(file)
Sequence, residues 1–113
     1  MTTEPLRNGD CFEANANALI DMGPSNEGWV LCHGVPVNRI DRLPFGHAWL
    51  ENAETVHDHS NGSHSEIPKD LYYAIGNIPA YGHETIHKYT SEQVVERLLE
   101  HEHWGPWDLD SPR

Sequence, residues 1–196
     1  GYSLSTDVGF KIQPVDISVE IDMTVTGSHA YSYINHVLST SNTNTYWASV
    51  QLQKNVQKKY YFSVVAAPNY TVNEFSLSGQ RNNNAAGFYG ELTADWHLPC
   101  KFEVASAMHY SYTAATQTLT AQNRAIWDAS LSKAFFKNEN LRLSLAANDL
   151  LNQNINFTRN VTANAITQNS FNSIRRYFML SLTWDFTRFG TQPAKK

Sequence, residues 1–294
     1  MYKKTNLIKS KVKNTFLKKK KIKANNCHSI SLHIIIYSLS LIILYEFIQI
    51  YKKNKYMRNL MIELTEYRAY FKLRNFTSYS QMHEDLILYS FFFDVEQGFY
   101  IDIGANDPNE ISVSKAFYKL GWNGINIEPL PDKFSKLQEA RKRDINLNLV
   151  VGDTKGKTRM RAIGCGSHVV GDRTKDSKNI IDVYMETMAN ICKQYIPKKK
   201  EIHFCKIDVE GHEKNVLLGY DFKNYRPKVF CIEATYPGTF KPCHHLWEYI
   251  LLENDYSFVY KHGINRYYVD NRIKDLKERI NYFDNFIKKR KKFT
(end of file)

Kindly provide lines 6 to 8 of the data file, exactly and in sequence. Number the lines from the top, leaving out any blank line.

     1  GYSLSTDVGF KIQPVDISVE IDMTVTGSHA YSYINHVLST SNTNTYWASV
    51  QLQKNVQKKY YFSVVAAPNY TVNEFSLSGQ RNNNAAGFYG ELTADWHLPC
   101  KFEVASAMHY SYTAATQTLT AQNRAIWDAS LSKAFFKNEN LRLSLAANDL